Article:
Web shell

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A b374k 2.8 shell running on a Linux server
An example of what a fake error page might look like in a WSO web shell.

A Web shell is a script that can be uploaded to a web server to enable remote administration of the machine. A web shell can be written in any language that the target web server supports.[1] The most commonly observed web shells are written in languages that are widely supported, such as PHP and ASP. Perl, Ruby, Python, and Unix shell scripts are also used. Once successfully uploaded, an adversary can use the web shell to leverage other exploitation techniques to escalate privileges and to issue commands remotely. These commands are directly linked to the privilege and functionality available to the web server and may include the ability to add, delete, and execute files as well as the ability to run shell commands, further executables, or scripts.[2][3]

Examples of Web shells[change | change source]

Web shells such as China Chopper, WSO, C99 and B374K are frequently chosen by adversaries; however these are just a small number of known used web shells.

  • b374k – A web shell written in PHP with abilities such as monitoring processes & command execution. The latest version of the b374k shell is 3.2.3.[4][5][6]
  • C99 – A version of the WSO shell with additional functionality. Can display the server’s security measures and contains a self-delete function.
  • China Chopper – A small web shell packed with features. Has several command and control features including a password brute force capability.
  • WSO – Stands for “web shell by orb” and has the ability to masquerade as an error page containing a hidden login form.
  • Web shells can be as short as just one line of code.[7][8]
<?=`$_GET[1]`?>

Web shell of size 15 bytes.

Delivery Tactics[change | change source]

Web shells can be delivered through a number of web application exploits or configuration weaknesses including but not limited to:

  • Cross-Site Scripting;
  • SQL Injection;
  • Vulnerabilities in applications/services (e.g., WordPress or other CMS applications);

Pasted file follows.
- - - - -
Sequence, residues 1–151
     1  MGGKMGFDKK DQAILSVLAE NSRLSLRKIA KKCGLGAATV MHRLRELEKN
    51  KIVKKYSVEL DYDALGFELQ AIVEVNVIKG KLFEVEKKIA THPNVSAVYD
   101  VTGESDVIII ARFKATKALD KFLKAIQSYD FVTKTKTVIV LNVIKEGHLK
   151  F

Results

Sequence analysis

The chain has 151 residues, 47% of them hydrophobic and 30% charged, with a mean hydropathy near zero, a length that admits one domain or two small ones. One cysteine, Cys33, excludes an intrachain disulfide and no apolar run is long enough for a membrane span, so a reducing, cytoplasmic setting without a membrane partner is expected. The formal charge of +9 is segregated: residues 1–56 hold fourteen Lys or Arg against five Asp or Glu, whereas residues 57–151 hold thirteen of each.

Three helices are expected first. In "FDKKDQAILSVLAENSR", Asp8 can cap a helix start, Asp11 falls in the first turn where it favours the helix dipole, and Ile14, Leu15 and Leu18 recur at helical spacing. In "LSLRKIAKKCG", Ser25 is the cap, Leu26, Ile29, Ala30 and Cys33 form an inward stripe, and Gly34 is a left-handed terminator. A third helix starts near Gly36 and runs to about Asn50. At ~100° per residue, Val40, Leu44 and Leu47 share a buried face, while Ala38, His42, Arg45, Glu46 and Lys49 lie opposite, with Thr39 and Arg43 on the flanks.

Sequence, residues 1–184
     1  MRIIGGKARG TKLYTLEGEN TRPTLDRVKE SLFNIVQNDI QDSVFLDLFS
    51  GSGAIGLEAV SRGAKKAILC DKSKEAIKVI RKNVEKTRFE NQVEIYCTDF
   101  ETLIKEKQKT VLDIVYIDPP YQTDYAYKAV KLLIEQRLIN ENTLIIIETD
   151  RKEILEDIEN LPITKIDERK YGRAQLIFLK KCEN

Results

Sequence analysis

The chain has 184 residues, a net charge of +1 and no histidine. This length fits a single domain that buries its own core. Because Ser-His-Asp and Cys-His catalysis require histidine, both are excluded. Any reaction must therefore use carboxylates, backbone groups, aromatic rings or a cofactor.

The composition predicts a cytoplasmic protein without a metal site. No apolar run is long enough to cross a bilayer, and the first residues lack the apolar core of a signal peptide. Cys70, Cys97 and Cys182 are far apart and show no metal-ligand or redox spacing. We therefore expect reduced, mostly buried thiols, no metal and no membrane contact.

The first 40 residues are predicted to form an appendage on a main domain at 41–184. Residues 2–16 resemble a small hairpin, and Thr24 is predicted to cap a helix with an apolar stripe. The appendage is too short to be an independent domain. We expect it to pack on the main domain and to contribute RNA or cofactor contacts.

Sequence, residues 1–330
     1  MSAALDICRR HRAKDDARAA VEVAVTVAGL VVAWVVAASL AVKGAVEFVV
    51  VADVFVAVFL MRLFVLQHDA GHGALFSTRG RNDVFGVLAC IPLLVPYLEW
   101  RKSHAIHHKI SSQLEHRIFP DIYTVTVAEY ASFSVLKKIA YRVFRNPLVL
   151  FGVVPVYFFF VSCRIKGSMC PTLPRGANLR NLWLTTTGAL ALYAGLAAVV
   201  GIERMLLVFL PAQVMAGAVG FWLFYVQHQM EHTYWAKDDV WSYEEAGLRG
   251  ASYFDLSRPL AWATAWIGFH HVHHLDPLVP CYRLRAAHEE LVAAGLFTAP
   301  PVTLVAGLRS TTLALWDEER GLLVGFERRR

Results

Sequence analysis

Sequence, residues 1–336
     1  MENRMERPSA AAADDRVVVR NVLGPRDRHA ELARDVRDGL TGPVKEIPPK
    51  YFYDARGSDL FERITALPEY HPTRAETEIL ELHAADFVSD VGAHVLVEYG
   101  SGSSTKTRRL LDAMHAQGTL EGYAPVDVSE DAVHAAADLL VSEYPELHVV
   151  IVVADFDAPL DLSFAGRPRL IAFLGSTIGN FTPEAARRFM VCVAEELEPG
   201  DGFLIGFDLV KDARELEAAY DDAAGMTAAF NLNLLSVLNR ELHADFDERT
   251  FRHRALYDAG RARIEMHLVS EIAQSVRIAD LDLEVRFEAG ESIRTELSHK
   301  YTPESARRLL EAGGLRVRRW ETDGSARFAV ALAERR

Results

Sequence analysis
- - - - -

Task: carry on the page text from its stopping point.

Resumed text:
• File processing vulnerabilities (e.g., upload filtering or assigned permissions);
  • Remote File Include (RFI) and Local File Include (LFI) vulnerabilities;
  • Exposed Admin Interfaces (possible areas to find vulnerabilities mentioned above).

References[change | change source]

  1. Wrench, P. M.; Irwin, B. V. W. (1 August 2015). "Towards a PHP webshell taxonomy using deobfuscation-assisted similarity analysis". 2015 Information Security for South Africa (ISSA). pp. 1–8. doi:10.1109/ISSA.2015.7335066. ISBN 978-1-4799-7755-0. Retrieved 17 February 2019 – via IEEE Xplore.
  2. US Department of Homeland Security. "Web Shells – Threat Awareness and Guidance". www.us-cert.gov. Retrieved 20 December 2018. This article incorporates text from this source, which is in the public domain.
  3. admin (3 August 2017). "What is a Web shell?". malware.expert. Retrieved 20 December 2018.
  4. "Google Code Archive - Long-term storage for Google Code Project Hosting". code.google.com. Retrieved 22 December 2018.
  5. "The Webshell Game Continues". 8 July 2016. Retrieved 22 December 2018.
  6. "GitHub - b374k/b374k: PHP Webshell with handy features".
  7. "WSO Shell: The Hack Is Coming From Inside The House!". 22 June 2017. Retrieved 22 December 2018.
  8. "Web Shells: The Criminal's Control Panel - Netcraft". news.netcraft.com. Retrieved 22 December 2018.